Growing the Game
By Christy Cabrera Chirinos
CORAL GABLES, Fla. – Trajan Bandy still remembers how exciting his first football games were.
He’d wake up early on game days, hours before he’d have to take the field. And even as his parents implored him to go back to sleep, the excitement was too much to bear.
He’d scarf down his breakfast in front of the television, uniform already on, cleats already laced so he’d be ready the moment it was time to join his youth football team at either Palmetto Bay Park or later, the Kendall Boys & Girls Club.
And the days when Hurricanes football players would come speak to him and his teammates were always especially memorable in their own ways, too.
“I just remember them being so big,” Bandy laughed. “It was huge. I remember they’d wear their green, white and orange and that they’d tell us how important school was and how important it was to do the right thing off the field as well as on the field. It was great.”
These days, the tables have turned and Bandy is one of several current Hurricanes actively involved in Miami’s youth football outreach program. During the offseason, he and his teammates spend time at local parks, coaching and mentoring aspiring football players.
Saturday, more than 2,000 of those young players, their coaches and parents are expected at Hard Rock Stadium to watch the Hurricanes host Central Michigan on Miami Xtreme Youth Football League Day.
The game is just one of several events held yearly as part of Miami’s youth football development, a program coordinated by Hurricanes safeties coach Ephraim Banda.
“At the end of the day, we always say this program is the city of Miami’s program. … The University is Miami’s team and that bond starts with our young people,” Banda said. “It was really important for us that we get out, touch those kids’ lives and give them the opportunity to see that if they work hard, if they listen to their youth coaches and their families and mentors, there are options for them. They can do great things through football and the opportunities it brings. And it’s our obligation, bottom line, to provide that opportunity for them.”
For the Hurricanes, reaching out to the youth football community involves more than just having players and their families attend a game.
There are clinics for youth coaches that feature the Miami coaching staff; camps and clinics for the players, where the youngsters get to learn from current Hurricanes. And in recent years, Banda has worked to make sure the relationship between the program and the youth leagues is more personal than it has been previously, with graduate assistants and quality control staffers all checking in regularly with parks across South Florida on a regular basis.
While the community outreach in and of itself is important, Hurricanes coach Manny Diaz says it’s also important Miami help grow the game, especially given how many parents have questions about football and safety these days.
“Coach Banda has put in an extraordinary amount of work in to let everybody at all the different parks around South Florida know how committed our program is to their success and how we feel like our success is directly tied into their success,” said Diaz. “Now, more than ever, it’s important because of some of the participation numbers in youth football. We need to make sure we’re doing everything we can to support these youth coaches.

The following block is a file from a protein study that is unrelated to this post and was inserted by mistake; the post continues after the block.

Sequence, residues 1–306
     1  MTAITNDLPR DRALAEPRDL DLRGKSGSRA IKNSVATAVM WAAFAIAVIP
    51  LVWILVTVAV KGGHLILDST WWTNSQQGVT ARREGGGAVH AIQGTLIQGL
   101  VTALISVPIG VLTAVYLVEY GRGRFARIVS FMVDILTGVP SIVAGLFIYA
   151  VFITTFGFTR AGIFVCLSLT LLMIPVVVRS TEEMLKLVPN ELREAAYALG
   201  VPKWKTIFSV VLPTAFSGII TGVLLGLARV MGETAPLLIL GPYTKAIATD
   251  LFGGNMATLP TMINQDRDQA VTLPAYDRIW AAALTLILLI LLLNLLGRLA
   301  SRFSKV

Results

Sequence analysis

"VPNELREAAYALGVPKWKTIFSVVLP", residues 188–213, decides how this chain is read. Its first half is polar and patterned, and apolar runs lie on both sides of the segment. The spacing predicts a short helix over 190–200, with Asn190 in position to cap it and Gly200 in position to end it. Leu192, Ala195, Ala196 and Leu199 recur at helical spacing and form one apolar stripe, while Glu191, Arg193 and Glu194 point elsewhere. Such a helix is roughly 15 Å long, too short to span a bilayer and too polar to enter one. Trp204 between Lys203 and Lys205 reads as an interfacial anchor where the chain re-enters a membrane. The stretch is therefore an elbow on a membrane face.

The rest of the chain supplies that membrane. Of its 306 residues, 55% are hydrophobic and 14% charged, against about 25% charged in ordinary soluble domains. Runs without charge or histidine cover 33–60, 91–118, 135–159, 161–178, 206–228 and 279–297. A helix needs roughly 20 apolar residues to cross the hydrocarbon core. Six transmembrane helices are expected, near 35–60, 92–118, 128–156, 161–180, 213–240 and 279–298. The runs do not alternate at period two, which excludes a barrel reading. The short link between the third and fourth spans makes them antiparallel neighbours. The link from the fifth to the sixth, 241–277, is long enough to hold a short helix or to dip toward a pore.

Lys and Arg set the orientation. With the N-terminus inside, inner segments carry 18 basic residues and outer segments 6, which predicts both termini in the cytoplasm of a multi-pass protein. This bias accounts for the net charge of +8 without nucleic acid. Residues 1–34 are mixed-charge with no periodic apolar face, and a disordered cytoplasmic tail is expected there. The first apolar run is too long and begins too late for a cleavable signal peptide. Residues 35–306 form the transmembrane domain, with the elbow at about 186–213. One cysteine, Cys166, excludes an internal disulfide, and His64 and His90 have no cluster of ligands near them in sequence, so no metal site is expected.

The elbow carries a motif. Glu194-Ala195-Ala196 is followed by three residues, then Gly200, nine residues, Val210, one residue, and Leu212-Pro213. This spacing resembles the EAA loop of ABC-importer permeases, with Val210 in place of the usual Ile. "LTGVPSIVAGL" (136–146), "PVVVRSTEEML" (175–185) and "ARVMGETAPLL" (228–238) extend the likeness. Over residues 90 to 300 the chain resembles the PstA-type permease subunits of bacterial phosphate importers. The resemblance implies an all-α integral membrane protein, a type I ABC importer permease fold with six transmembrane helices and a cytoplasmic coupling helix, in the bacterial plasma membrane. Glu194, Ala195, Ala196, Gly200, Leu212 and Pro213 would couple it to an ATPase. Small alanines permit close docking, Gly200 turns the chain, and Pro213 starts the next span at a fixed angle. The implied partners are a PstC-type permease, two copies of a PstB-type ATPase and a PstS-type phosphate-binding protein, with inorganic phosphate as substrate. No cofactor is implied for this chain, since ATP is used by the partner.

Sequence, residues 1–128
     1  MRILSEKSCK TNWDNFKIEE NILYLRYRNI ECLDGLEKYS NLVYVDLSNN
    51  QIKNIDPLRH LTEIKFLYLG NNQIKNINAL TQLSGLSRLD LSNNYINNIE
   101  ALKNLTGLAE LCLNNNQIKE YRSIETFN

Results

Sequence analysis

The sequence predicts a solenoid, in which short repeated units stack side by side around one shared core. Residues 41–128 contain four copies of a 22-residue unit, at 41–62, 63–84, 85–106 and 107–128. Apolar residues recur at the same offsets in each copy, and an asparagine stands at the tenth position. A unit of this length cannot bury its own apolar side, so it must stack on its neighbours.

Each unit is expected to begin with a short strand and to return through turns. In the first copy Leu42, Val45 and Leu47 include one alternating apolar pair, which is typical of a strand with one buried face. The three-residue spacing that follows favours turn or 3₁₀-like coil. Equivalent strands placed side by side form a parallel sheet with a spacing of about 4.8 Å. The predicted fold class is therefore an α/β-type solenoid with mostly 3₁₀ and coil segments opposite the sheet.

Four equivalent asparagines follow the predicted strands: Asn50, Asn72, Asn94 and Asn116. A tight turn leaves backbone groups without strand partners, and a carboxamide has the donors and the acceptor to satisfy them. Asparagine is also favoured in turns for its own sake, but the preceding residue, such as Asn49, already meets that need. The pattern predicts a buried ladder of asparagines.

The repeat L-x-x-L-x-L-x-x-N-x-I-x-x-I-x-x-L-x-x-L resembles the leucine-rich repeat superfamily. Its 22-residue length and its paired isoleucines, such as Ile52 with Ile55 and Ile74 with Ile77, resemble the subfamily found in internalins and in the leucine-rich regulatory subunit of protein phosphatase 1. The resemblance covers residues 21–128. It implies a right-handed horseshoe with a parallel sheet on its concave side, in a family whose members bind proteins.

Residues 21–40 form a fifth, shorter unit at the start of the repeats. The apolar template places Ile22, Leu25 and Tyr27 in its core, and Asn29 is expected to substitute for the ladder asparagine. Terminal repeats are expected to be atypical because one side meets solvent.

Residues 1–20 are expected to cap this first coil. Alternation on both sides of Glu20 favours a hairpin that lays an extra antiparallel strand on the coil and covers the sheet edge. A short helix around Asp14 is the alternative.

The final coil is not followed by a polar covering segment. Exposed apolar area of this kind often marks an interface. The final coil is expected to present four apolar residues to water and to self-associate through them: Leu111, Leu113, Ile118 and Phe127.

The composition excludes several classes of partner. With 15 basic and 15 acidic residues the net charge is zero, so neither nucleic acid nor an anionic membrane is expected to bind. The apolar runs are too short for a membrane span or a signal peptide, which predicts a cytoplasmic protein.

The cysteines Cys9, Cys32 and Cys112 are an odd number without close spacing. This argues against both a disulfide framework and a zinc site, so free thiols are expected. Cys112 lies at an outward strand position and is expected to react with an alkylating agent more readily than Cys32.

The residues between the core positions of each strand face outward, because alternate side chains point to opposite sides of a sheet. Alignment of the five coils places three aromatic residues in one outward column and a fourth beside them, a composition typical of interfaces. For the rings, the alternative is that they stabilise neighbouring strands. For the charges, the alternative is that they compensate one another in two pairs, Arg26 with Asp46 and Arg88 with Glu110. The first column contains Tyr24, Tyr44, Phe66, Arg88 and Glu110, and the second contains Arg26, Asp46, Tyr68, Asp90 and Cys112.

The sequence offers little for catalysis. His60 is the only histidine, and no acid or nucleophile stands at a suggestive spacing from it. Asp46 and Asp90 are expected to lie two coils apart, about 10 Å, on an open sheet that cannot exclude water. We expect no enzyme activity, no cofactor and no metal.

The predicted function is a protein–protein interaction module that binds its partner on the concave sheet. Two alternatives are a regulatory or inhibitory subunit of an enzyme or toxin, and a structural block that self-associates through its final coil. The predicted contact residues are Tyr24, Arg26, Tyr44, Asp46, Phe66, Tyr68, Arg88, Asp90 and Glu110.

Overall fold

“If kids don’t play when they’re in middle school, there will be no one to play college football and so, that involves us getting out there, having our camps. We’ve put on clinics for youth coaches to teach the safer ways to play this game, the right way to tackle, the right way to block so that not only can the young men of South Florida play football, but they can be taught the same way we’re teaching the Miami Hurricanes.”
And Diaz, Banda and the Hurricanes know the more connections they play with the football players of the future, the more likely it is some of those players will grow up to wear Miami’s orange and green themselves, the same way Bandy does today.
“I remember when I was in middle school and my optimist football team, we’d all load up on a bus on a Saturday and we’d drive to the Orange Bowl and we’d go to the games. We’d all wear our jerseys and we’d watch Miami play and you wanted to be those guys,” Diaz said. “You start to sense that in recruiting. A lot of these guys have dreams of being Miami Hurricanes from a very young age. To get them in the stadium and have them see not just their heroes, but guys who might have played at their park four years ago or five years ago and that can be them one day, that can be a future for them, that’s so important.”
Added Bandy, “We’re at a level now where we’re held to a higher standard, you know what I mean? It’s important for us to be there for those kids, to talk to them and let them know that we’re here for them. It’s great, you know? And I feel like the University is doing a great job of that. … I definitely want to show them Saturday what it means to be a Hurricane. Every time I step on the field, I want them to be proud. I want our fans to be proud. I want to make our coaches proud. That’s the mentality every time I step on the field, so I think it’d be great to get out there and make a couple plays, have the little kids watch us and celebrate with them, too.”